The Eurozone, once celebrated as a ‘convergence mechanism’, has instead experienced economic and political divergence. Why have countries diverged in terms of economics and what can we do about it?
Complexity and development
Our project funded by Rebuilding Macroeconomics approaches these big questions with the concept of economic complexity developed by physicist and multi-disciplinary researcher Cesar Hidalgo and economist Ricardo Hausmann.
According to these authors socio-economic development is a collective learning process. Countries become wealthy if their members have developed the collective ability to engage in complex activities, such as, for example, producing and exporting complex products such as cars or computers. Countries without these collective abilities tend to remain poor, and export only simple products such as T-shirts or olives.
This ‘collective knowledge’ for producing complex goods is spread very unevenly across the Eurozone. For example, while Germany is able to produce complex products, such as sophisticated car engines, Greece has been particularly ‘successful’ in exporting very simple products like refined oil. In the long-run, the observed macroeconomic divergence can be traced back to differences in ‘technological capabilities’.
The obvious next question is: are poorer countries catching up in terms of capabilities? Unfortunately, empirical evidence suggests they are not. If we look at the trade patterns across Eurozone countries, we see that poorer countries simply import complex products, which are mainly produced and exported by richer countries.
How then should members in poorer countries learn to produce complex products if these products are simply largely imported at lower cost from abroad? Typically, richer countries have also shown little interest in shifting complex economic activities to poorer countries.
This ‘unequal exchange’ between richer and poorer countries has characterized Europe for decades, but it has become more and more pervasive – particularly after trade within the EU was liberalized (see here).
Evidence on the unequal distribution of capabilities and Hidalgo’s and Hausmann’s theory of complexity might help us answer the question posed at the start. That is, can the rising polarization in the Eurozone be explained by inequality of productive capabilities?
If the diagnosis is correct, policies are needed to address the polarization in terms of capabilities. But there are numerous challenges to developing the complexity approach so that it can supply concrete solutions and policy recommendations to the polarization problem in the EMU.
First, we still lack a macroeconomic theory of how countries accumulate the capabilities required to produce complex products. At a micro level we have a number of theories about how people and firms develop new ideas, but these theories have not yet been linked to a macroeconomic theory of development within a “consistent” model.
Second, the theory of economic complexity has been built exclusively on real trade flows, i.e., trade flows of goods. However, many economists have argued convincingly, that financial flows and the dynamics of current account imbalances are important when it comes to understanding the development patterns in the Eurozone.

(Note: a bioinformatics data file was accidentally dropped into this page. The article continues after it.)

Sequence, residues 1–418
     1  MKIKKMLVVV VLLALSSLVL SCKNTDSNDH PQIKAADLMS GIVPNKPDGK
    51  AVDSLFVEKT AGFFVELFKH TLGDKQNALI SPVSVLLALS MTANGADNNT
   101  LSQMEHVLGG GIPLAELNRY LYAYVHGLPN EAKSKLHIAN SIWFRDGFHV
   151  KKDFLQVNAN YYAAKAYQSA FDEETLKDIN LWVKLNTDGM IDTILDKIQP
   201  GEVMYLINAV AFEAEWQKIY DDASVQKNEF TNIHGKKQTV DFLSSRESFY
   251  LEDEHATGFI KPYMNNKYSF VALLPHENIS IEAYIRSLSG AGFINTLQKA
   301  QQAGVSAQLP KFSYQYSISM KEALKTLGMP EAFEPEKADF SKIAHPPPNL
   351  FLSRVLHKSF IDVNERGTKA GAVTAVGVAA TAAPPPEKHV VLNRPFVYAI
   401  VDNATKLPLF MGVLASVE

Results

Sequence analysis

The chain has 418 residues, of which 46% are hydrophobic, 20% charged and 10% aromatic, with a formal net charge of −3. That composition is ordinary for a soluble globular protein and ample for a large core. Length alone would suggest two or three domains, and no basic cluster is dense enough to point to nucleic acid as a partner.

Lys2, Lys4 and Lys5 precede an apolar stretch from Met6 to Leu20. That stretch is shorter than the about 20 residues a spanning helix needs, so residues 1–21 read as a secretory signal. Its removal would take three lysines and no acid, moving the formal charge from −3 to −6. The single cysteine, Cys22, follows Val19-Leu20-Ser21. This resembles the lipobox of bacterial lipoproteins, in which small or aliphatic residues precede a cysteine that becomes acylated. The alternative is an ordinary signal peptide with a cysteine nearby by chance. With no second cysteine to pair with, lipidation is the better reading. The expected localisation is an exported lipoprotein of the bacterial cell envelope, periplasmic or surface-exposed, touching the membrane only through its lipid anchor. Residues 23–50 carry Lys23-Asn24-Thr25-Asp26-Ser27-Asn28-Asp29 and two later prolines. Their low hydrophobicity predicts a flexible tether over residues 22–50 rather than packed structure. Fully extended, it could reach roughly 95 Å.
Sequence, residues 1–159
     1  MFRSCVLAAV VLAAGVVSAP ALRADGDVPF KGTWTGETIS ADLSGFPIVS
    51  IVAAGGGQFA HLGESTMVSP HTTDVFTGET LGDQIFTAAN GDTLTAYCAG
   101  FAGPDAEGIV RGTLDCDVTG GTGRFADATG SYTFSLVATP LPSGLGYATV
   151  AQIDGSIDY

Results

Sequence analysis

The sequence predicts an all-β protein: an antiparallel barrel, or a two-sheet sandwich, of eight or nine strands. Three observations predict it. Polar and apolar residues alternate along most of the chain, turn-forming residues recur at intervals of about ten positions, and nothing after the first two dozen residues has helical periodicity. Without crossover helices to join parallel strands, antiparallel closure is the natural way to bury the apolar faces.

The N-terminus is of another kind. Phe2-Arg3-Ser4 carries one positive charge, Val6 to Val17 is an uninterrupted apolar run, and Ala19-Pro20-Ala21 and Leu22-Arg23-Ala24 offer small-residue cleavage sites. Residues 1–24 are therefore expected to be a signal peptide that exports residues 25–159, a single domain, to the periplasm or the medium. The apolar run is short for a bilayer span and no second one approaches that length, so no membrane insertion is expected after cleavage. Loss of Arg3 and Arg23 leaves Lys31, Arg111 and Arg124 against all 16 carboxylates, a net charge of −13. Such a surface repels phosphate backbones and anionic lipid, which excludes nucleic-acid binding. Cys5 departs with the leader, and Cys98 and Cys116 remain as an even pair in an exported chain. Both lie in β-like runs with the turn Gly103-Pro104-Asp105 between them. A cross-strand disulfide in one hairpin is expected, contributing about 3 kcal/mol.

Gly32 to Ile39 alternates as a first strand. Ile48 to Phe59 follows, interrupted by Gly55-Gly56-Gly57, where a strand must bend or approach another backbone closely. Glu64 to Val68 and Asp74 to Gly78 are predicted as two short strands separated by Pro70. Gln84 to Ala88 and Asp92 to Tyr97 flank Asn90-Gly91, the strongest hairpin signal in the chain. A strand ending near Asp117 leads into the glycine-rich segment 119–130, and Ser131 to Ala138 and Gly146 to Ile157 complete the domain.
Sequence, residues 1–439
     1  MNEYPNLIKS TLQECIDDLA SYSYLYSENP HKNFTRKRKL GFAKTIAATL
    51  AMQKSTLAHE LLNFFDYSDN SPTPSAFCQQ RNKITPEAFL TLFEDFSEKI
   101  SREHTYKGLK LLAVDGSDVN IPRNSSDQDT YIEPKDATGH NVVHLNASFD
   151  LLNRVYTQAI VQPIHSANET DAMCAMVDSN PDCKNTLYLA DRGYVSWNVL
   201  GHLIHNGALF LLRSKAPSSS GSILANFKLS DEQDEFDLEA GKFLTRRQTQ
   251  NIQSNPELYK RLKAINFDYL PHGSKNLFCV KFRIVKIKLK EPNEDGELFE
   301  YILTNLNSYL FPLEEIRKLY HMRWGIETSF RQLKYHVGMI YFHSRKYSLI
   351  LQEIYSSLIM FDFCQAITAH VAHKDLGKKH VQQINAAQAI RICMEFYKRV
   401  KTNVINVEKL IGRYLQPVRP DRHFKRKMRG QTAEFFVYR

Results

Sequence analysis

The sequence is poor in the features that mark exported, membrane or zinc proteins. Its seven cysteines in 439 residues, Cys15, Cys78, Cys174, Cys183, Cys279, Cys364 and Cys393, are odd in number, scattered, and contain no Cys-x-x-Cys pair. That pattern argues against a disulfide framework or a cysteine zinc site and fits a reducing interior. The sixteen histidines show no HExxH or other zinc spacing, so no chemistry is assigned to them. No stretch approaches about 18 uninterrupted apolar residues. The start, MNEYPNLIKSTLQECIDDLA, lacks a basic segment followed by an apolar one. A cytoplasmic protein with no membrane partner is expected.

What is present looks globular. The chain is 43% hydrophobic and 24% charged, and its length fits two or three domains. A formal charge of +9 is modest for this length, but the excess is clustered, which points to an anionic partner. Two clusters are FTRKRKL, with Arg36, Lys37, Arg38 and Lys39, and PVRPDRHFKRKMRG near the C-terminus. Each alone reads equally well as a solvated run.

These two kinds of flows are interlinked. For example, capital flows from rich to poor countries have boosted demand for products of the richer countries, thereby increasing real trade flows from the rich to poor countries. Therefore, it is desirable to consider both real and financial trade flows within one consistent model framework.
We try to address both challenges by developing a model of the EMU that helps to rationalize the relationship between long-run development and collective learning taking place within countries, while at the same time taking into account both real and financial flows among countries. This model will be a “stock-flow consistent and agent-based model” of economic development.
Our answer to these challenges
An agent-based model is a computational model of an artificial society composed of many heterogeneous economic agents interacting with each other. By simulating the interactions of these agents, one can conduct computational experiments and simulate, for example, the effects of industrial policies.
Why do we take this approach? As indicated earlier, we know that complexity is about how people with different knowledge pieces interact, and how these knowledge pieces are merged together to yield more powerful capabilities that are required for developing more complex products. We aim to model this process explicitly; hence, we need many different heterogeneous agents that are able to learn and to interact directly with each other. This is exactly what agent-based models were built for.
Why stock-flow consistent? This means that the origins and destinations of all financial transactions are recorded, and all financial assets belonging to one actor are equally recorded as a liability for another actor. This is important for many reasons (see here). For example, the learning activities of agents that are required to expand the capability set of a country require financial funding.
Moreover, it may be that the way such funds are raised is important: whether through external surpluses, via public or private debt, or mainly by attracting foreign investments. The long run outcomes may differ a lot. The same is true for the funds required for industrial policy. These differences can be compared within this framework.
Our approach will help us understand the conditions under which less developed regions can realize a sustainable catch-up process. It is the first of its kind and hopefully contributes not only to the academic discourse about complexity and development, but also points to practical policy solutions of one of the most worrying recent trends.